Behind every engine lies the potential of a unique and
interesting story. The challenge lies in our ability to discover
and substantiate an engine’s history. This particular engine is
unique in that it’s believed to have been in our family since
new, and as such its story certainly warrants documenting for the
enjoyment of other old engine collectors.
About 35 years ago this engine, after a long term of service,
sawed its last log and was put in a storage garage. Everyone in my
wife’s family knew the old engine was in the storage garage,
but none of them had any real interest in it.
Fast-forward to the late 1990s when I married the current
owner’s daughter – and also happened to catch rusty engine
I pulled the Waterloo Boy out of storage and carefully brought
it into our shop so I could get it running. I say carefully because
it sat on two sets of very rotten and cracked wood, allowing the
engine to actually lean to one side. I was concerned the engine
would fall over from the vibration and torque once it was running.
I did get it running – that was in 1998 and then it sat while 1
fixed up some other engines, a couple of old garden tractors and a
large two-cylinder John Deere tractor.
The winter of 2001-2002 seemed like a good time to complete the
project. The engine was moved to a more appropriate shop of ours
with the equipment to handle a heavyweight such as this. One of the
reasons it sat for three years was getting some reasonably priced
hardwood for the skids.
In the fall of 2001 while participating in the Hanford Mills
Engine Jamboree, I had a conversation with the mill foreman about
making some skids for this engine. After giving him the dimensions
of what I needed he told me it was no problem and quoted a
reasonable price. He also told me he had some seasoned ash logs
waiting to be put to use.
Close up shot of the Witry mixer on Bob Naske’s Waterloo
Boy. When running, fuel is drawn from the horizontal supply line to
the left of the vertical air intake pipe. Four small orifices in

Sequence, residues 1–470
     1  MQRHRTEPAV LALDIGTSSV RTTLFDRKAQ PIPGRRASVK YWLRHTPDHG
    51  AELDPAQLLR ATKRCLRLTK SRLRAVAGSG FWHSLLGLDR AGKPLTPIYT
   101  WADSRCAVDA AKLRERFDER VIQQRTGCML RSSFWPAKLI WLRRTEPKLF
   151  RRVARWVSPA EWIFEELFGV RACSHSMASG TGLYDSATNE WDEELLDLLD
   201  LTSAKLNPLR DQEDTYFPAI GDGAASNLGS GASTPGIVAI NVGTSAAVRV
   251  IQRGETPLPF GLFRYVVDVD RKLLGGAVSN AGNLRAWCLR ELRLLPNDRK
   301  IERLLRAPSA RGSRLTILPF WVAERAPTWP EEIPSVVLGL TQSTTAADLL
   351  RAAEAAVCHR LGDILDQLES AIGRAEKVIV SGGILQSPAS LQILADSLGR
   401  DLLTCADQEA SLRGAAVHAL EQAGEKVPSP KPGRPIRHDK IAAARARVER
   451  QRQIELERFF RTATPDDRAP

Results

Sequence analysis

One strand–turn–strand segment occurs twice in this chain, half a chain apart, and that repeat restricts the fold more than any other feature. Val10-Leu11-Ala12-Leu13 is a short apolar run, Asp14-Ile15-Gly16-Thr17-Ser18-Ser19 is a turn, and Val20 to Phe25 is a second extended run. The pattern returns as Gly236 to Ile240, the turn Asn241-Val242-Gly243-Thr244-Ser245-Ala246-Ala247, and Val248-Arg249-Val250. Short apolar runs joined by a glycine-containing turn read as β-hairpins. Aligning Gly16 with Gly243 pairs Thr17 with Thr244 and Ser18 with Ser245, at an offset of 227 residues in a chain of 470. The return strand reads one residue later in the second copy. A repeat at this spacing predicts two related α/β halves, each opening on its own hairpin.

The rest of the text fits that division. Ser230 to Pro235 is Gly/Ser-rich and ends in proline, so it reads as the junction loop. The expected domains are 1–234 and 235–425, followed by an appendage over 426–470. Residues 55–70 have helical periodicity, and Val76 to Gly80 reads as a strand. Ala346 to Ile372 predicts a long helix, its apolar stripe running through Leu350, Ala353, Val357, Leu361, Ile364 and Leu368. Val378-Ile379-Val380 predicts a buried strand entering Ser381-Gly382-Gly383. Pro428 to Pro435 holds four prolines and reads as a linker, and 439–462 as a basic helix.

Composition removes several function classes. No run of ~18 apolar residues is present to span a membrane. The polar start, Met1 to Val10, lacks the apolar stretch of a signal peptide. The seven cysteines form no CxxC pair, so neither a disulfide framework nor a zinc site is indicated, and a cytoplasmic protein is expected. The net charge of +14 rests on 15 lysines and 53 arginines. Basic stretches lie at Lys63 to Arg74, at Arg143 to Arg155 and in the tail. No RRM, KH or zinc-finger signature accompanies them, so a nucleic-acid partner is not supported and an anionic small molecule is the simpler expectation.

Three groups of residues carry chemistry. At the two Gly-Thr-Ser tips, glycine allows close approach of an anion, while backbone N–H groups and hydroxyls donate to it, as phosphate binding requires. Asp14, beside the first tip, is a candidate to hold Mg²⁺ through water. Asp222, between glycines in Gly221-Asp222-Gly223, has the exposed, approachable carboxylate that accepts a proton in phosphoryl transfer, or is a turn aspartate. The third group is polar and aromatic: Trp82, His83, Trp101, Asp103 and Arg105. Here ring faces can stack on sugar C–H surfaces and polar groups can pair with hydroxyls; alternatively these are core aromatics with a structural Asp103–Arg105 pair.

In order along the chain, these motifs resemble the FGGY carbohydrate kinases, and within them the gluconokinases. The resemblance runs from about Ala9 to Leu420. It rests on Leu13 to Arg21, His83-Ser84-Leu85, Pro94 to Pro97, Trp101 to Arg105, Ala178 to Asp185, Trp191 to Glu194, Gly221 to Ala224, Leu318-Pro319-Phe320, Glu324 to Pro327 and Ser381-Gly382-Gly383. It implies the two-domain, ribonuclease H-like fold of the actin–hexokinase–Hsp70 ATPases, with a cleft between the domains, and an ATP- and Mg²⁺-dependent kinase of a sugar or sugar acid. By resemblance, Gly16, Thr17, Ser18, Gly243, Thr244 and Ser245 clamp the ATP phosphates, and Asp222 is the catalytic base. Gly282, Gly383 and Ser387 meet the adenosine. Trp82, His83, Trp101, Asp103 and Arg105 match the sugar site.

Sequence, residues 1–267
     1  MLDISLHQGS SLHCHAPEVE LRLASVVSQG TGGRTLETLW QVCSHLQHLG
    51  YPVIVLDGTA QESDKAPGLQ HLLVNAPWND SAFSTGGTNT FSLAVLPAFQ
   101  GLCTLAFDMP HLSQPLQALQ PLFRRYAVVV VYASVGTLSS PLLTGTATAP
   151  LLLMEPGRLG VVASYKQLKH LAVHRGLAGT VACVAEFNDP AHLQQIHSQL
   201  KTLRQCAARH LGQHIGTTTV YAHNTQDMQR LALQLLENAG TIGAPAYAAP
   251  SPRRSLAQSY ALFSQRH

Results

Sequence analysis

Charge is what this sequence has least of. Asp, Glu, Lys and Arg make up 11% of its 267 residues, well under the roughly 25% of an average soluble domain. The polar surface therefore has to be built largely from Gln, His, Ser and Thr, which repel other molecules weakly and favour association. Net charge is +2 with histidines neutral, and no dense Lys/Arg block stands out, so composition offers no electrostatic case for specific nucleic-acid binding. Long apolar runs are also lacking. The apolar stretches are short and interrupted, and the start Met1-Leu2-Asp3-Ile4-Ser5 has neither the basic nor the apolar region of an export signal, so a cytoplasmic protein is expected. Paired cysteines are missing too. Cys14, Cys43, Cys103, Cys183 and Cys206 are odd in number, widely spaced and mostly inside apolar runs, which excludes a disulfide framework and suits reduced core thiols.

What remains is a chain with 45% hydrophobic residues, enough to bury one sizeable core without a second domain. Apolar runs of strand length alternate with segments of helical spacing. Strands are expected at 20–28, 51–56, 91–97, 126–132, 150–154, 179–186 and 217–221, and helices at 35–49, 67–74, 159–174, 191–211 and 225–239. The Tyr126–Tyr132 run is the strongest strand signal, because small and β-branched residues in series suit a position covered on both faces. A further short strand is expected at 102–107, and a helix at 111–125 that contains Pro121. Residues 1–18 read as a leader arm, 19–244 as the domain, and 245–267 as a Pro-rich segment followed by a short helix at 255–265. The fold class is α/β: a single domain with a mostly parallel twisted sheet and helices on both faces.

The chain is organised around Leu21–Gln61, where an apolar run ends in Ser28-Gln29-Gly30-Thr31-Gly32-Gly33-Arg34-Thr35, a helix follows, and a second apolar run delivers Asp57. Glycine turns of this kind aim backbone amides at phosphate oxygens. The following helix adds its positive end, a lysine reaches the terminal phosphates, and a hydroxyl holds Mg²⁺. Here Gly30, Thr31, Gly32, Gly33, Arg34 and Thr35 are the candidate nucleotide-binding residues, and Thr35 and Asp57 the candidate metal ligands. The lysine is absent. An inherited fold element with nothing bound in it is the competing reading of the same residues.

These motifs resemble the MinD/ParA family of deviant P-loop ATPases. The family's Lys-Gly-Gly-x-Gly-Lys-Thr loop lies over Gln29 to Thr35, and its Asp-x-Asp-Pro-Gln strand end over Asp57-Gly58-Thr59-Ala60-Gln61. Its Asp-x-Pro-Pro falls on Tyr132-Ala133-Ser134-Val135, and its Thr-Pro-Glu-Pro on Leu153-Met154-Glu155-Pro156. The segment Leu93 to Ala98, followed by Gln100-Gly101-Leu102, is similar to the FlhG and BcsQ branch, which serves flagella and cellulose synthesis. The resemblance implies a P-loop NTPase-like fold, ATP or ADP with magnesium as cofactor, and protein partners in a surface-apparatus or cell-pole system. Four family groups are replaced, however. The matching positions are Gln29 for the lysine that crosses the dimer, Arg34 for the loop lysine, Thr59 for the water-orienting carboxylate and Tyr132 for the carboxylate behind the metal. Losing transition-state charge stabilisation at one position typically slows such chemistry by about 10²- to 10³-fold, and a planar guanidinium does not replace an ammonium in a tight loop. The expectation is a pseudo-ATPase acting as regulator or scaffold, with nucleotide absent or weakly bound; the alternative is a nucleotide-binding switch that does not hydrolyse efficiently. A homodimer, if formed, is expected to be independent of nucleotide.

the supply pipe bleed fuel into the intake air stream.
Hanford Mills Museum is a 150-year-old working sawmill, wood
shop, grist mill and museum. The sawmill and wood-working equipment
is powered from a large waterwheel through flat belts and line
shafts to each machine. A walk through the main building presents
an amazing array of line shafts, flat pulleys and belts. There is
also a museum on the premises that shows the history of the village
and the mill. It exhibits many artifacts from its many years of
existence. One of the pages of the company ledger from about 1910
shows the sale of a Badger engine to a local resident, and the
museum also owns several engines. One is in the house that belonged
to the Hanford family – the original founders of the mill that ran
it into the 1940s. For anyone interested in this type of history
and wanting to see some of the old ways of wood working, it is
certainly worth visiting. It is located in the northwestern
Catskill Mountains of New York in the village of East Meredith.
A visit to the mill in early January to pick up the six-foot
long skids set the cart restoration in progress. Getting the
high-wheeled cart back to safe operating condition was the primary
concern since I had had the engine running previously. One of the
wheels was bent, but our hydraulic press with a 40-inch opening
easily took care of that. The steering platters needed
straightening, and of course all the rotten wood was removed. The
new ash skids were supported and leveled on both axles with black
walnut given to me by a local engine friend. Such is the
camaraderie amongst many engine collectors – helping each other
The lettering was done from a stencil I made on my computer, so
there is some modern technology associated with this restoration.